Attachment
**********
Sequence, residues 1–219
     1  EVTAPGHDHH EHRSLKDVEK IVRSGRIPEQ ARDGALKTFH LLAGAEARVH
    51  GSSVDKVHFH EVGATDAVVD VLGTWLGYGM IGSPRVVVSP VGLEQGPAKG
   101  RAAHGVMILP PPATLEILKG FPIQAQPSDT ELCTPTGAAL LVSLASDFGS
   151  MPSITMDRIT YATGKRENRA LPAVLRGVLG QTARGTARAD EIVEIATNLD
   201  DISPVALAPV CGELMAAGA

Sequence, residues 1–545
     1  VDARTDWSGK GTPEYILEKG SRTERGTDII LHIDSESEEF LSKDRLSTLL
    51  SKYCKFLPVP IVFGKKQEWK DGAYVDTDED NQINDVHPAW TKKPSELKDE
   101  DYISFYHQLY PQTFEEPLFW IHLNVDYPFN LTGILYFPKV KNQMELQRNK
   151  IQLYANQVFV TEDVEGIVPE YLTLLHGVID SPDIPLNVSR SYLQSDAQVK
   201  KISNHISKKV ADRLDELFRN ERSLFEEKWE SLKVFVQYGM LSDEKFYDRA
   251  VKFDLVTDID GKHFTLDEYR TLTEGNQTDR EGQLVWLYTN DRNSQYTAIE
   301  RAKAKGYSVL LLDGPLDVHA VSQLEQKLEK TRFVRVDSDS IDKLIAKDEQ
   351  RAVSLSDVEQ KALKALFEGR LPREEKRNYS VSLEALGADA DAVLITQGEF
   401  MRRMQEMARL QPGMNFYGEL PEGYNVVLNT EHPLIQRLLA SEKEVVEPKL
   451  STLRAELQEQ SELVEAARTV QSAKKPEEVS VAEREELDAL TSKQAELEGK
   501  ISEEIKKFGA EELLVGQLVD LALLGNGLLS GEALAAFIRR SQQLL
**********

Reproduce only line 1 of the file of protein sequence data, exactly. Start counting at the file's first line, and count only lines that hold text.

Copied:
Sequence, residues 1–219